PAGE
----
Beebe purchased Cowans Island and erected upon it, an im¬
mense stone cotton factory. It had just been put in operation
when, July 7, 1833, it was burned, under suspicious circum¬
stances. The loss was $20


and the site has since remained
a ruin. The manufactures of cotton and woolen goods, flour,
paper, iron castings, machinery, leather, agricultural imple¬
ments, lead pipe, sash and blinds, and furniture, are extensively
carried on.

6 Named from the wife of Samuel Whittlesey, who in 1815
threw herself from this'point into the river, and was drowned.
Her husband, a lawyer, and paymaster to the drafted militia,
had received in N. Y. the sum of $30,000, in bills, and while
returning to Watertown was secretly robbed of $8700 hy his
wife. He -was greatly alarmed, hut was persuaded by her to
keep quiet, as it would he difficult to convince the public that a
thief would have left so large a portion, and, as.they must them¬
selves be suspected of having taken a
part, they might as well
keep the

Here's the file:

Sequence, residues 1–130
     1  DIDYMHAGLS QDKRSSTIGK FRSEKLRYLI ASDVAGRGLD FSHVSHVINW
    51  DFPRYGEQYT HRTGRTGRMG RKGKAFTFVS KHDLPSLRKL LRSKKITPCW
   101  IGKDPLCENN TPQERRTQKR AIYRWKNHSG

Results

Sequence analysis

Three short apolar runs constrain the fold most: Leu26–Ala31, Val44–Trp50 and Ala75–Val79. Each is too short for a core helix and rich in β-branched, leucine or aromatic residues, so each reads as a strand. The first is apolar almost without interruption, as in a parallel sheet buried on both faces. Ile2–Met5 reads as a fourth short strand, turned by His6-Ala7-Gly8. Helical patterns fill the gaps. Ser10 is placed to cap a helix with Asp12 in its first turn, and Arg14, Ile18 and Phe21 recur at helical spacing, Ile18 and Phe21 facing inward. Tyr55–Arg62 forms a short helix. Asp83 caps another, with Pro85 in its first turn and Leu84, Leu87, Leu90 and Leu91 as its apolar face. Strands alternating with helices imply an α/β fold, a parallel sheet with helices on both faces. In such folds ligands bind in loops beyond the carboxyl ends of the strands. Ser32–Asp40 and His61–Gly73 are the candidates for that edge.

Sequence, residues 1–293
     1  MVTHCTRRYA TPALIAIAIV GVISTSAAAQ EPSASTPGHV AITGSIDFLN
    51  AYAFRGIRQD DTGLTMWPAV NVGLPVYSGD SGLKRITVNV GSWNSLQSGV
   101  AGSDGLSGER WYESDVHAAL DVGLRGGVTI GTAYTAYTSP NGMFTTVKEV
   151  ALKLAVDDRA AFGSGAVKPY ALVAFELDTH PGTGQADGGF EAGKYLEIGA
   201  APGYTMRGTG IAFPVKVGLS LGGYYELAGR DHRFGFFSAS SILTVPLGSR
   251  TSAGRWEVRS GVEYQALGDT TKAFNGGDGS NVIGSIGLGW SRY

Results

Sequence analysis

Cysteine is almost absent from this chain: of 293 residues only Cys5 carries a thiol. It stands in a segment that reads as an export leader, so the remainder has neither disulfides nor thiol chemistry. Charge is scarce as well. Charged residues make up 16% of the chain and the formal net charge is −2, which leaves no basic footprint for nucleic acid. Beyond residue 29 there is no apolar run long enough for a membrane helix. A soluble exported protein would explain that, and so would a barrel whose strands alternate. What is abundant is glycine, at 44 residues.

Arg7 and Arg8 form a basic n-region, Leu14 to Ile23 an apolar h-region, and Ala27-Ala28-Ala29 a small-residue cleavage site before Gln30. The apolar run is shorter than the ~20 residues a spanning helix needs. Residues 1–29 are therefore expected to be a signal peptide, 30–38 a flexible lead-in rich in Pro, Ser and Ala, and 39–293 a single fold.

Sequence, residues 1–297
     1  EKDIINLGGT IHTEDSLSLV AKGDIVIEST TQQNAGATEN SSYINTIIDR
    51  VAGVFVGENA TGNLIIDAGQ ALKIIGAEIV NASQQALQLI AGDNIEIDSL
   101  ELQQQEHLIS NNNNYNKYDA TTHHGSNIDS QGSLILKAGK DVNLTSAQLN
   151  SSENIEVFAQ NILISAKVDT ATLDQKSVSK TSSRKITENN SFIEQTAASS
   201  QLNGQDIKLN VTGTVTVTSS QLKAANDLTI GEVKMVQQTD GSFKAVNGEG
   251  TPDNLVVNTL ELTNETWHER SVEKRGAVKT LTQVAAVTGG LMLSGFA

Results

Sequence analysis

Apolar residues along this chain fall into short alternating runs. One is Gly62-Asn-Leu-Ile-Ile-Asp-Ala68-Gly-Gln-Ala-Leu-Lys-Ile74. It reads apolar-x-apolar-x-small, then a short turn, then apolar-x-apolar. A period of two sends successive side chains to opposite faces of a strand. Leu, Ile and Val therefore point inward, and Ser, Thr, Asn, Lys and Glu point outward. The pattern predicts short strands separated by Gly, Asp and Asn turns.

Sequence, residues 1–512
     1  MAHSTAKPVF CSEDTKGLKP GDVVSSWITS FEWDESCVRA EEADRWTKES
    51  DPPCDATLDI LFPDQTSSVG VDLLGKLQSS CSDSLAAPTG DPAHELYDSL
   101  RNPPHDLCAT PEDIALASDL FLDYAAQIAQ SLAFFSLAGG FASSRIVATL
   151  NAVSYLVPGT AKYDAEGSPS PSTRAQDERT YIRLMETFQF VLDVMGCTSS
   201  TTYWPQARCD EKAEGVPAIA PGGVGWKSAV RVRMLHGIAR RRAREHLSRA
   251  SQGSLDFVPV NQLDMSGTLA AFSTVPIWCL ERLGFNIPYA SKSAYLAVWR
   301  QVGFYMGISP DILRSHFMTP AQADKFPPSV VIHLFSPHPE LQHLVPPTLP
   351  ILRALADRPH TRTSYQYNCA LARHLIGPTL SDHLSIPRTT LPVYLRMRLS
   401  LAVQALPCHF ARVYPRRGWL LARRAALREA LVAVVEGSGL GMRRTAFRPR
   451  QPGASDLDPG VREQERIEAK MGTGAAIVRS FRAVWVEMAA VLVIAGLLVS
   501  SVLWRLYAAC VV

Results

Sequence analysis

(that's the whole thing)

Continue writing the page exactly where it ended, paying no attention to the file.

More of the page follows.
whole. Her logic succeeded, upon the weak-minded old
man, and before reaching home she had matured plans for con¬
cealment and evasion. He started with his portmanteau for
Oneida co., leaving appointments along the road for paying on
his return; but on arriving at Trenton he found he had been
robbed. The news of the robbery spread quickly over the
country; but the most active inquiry and very liberal rewards
failed to bring the thief to justice. On his return home he met
his family frantic with grief; hut there was an inconsistency in
his story, and upon a searching conversation, held separately,
with his two bondsmen, Perley Keyes and Jason Fairbanks, the

latter were convinced that there was fraud. By an ingenious
course of inquiry and eavesdropping, they were not only con¬
firmed in the belief, hut assured that; the family soon intended
to remove, and that summary means must, be employed to re¬
cover the money. They accordingly invited W. to take a walk,